Justice Arthur Chaskalson was born in Johannesburg on 24 November 1931. In 1952 he graduated from the University of the Witwatersrand with a B.Com, and in 1954 he obtained his LLB Cum Laude. Two years later he was admitted to the Johannesburg Bar.  A keen soccer player, he was a member of the University’s soccer team and was selected for the Combined  South African Universities soccer team in 1952. 

Chaskalson acted as defence counsel in a number of important political trials during the apartheid era, including the Rivonia trial in 1963-1964 in which former President Nelson Mandela and other African National Congress (ANC) leaders were sentenced to life imprisonment.

As founding member and director of an organisation that sought to pursue justice and human rights in South Africa, the Legal Resources Centre, he challenged the implementation of several apartheid laws.  Justice Chaskalson was director from its inception in 1978 until 1993. 

Recognized as an expert in constitutional law, Justice Chaskalson was a consultant to the Namibian Constituent Assembly, was a member of the Technical Committee on Constitutional Issues in South Africa, and a consultant to the Multiparty Negotiating Forum. He was a consultant to the African National Congress during the constitutional negotiations, and a member of the Multiparty Negotiating Forum's Technical Committee on Constitutional Issues. In that capacity he participated in drafting an interim Constitution. 

Chaskalson’s official role at the negotiations was as chairman of the "technical committee".  

He was a member of the Johannesburg Bar Council from 1967 to 1971 and from 1973 to 1984, the Chairman of the Johannesburg Bar in 1976 and again in 1982, a member and later Convenor of the National Bar Examination Board (1979-1991), and the Vice Chairman of the General Council of the Bar of South Africa (1982-1987).

He has been a member of the Board of the Faculty of Law of the University of the Witwatersrand, Johannesburg (1979 – 1999), was an Honorary Professor of Law at that University from 1981 to 1995, a member of its board for the Centre for Applied Legal Studies from 1979 to 1994, a member of the National Council of Lawyers for Human Rights (1980-1991),  was Vice Chairman of the International Legal Aid Division of the International Bar Association (1983-1993) and Chairman of the Rhodes Scholarship Selection Committee for South Africa (1988-1993).

In June 1994, he became the first President of South Africa's new Constitutional Court, the highest court in South Africa where constitutional matters are concerned. On 22 November 2001 he became the Chief Justice of South Africa until his retirement in 2005.

He has received several honorary doctorate degrees: in 1986 from the University of Natal, in 1990 from the University of the Witwatersrand, from Rhodes University in 1997 and from the University of Amsterdam in 2002. Awards include the Premier GroupAward for prestigious service by a member of the Faculty of Lawat the University of the Witwatersrand (1983), the Claude Harris Leon Foundation Award for community service (1984) and the Wits Alumni Hour Award for exceptional community service (1984).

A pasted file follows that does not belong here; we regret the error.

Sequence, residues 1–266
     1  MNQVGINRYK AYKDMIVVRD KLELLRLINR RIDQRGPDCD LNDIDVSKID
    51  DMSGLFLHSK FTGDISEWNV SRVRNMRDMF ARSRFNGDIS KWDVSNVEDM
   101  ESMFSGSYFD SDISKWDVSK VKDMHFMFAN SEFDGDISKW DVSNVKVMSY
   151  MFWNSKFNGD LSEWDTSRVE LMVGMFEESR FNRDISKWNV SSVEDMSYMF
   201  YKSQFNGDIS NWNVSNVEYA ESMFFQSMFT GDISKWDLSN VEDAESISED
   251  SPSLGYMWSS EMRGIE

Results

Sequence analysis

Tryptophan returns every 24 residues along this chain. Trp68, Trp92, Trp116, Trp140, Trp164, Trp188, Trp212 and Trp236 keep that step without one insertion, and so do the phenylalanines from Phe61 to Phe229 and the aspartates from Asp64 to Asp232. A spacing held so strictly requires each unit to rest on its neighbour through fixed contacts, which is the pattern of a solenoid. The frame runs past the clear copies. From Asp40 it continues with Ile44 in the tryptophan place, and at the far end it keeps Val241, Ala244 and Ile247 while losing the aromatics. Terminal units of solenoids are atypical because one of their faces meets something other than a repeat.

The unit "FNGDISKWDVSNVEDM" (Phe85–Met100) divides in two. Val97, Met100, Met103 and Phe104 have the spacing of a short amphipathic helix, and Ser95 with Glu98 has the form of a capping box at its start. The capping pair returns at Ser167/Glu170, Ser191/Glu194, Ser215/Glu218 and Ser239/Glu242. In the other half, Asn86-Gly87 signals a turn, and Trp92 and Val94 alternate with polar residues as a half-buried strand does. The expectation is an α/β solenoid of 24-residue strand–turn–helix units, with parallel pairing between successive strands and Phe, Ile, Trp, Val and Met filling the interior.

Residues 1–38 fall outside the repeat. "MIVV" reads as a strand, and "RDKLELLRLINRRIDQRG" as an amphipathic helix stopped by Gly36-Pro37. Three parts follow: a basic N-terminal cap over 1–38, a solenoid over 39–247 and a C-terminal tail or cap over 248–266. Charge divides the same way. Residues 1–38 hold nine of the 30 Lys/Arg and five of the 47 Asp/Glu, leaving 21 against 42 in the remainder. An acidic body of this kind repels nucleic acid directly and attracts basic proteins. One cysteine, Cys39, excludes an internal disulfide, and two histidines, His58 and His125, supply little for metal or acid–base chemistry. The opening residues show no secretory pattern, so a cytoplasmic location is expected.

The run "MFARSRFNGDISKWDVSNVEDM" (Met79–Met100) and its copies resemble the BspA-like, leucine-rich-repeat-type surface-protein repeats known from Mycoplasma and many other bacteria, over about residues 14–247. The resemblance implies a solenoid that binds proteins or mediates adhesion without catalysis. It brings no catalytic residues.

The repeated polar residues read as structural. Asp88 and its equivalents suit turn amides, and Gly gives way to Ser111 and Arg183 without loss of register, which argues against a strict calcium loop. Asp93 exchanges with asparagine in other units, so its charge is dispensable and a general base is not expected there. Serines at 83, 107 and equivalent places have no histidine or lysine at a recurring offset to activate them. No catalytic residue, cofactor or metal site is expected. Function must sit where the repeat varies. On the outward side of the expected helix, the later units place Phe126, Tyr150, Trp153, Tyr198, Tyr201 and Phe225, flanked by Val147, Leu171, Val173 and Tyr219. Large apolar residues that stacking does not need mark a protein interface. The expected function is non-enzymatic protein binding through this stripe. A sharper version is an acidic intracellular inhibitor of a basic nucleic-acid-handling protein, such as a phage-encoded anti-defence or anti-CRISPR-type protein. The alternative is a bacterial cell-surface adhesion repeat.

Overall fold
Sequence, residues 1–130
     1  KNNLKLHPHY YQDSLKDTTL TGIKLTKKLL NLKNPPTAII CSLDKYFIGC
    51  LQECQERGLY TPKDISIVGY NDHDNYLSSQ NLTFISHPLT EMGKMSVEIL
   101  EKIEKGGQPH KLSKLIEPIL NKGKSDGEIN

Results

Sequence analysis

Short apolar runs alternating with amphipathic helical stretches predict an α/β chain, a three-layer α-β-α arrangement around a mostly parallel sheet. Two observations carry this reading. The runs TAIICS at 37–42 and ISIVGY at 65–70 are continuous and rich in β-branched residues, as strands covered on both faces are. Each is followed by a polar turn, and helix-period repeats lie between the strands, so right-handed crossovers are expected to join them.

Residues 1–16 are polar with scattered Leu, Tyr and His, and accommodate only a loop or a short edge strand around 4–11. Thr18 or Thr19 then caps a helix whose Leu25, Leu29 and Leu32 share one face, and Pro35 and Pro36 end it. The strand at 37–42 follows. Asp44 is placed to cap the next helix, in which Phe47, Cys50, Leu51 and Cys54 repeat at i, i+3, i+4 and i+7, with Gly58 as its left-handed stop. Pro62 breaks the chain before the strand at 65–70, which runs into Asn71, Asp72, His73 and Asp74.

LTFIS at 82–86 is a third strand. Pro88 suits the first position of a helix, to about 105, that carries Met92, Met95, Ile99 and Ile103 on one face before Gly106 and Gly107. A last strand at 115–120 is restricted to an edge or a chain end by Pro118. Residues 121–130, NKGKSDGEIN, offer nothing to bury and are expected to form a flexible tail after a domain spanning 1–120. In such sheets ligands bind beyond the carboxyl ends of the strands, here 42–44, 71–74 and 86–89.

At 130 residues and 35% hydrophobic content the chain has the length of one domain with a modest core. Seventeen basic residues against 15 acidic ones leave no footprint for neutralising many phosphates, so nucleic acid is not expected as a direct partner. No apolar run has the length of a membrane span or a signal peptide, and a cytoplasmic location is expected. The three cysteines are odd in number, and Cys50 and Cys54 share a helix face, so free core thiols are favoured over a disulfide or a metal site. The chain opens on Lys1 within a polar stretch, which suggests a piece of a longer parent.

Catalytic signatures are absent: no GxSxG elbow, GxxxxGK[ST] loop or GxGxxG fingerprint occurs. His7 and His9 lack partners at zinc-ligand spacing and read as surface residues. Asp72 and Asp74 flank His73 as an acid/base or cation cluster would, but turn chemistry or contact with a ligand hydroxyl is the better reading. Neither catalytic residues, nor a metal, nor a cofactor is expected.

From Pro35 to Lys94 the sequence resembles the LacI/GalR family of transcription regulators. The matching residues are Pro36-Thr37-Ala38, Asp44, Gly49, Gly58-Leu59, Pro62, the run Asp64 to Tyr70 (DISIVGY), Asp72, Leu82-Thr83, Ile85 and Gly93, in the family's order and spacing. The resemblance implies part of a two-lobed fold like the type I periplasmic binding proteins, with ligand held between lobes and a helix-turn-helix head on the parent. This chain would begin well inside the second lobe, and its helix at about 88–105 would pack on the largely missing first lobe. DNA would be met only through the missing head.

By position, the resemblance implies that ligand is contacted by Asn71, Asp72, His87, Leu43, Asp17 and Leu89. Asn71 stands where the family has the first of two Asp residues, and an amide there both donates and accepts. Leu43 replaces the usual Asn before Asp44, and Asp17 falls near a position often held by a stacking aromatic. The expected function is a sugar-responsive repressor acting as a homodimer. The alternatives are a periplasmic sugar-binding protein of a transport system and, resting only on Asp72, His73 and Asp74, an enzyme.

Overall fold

According to eminent South African advocate, Jeremy Gauntlett, "Chaskalson's professional life was marked by three stages. First he was the most cerebral of advocates. His manner was formal, even cold - a devastating cross-examiner, clear but soft-spoken in argument. His manner may have dissuaded an easy camaraderie, but he was a natural leader at the Bar. Twice chairman of the Johannesburg Bar, and for five years Vice-Chairman of the General Council of the Bar, he led South Africa's advocates in innumerable confrontations with the Vorster then Botha governments over legislative and executive measures striking at human rights and an independent administration of justice."

In 1990 he received (together with Dr S. Magoba) the Human Rights Award of the Foundation for Freedom and Human Rights in Berne, Switzerland. He has also received awards for his human rights work from the South African Jewish Board of Deputies and the General Council of the Bar of South Africa.

In 2002, the South African Government conferred the Order of the Counsellor of the Baobab in Gold for Exceptional Service in Law, Constitutional, Jurisprudence and Human Rights on him. The Order of the Baobab is one of the highest awards given to citizens in South Africa.

On 31 May 2005, Chaskalson retired from his role as Chief Justice, and was replaced by his former deputy Pius Langa.

Chief Justice Chaskalson passed away in Johannesburg, South Africa on Saturday, 1 December 2012,after a brief illness. He is survived by his wife Dr. Lorraine Chaskalson and two sons, Matthew and Jerome.

The former President of the Constitutional Court and Chief Justice was given a Special Official Funeral, and all national flags were at half-mast at all flag stations in the country from Monday until the 7 December. The South African Government also arranged an official memorial service for the Chief Justice.

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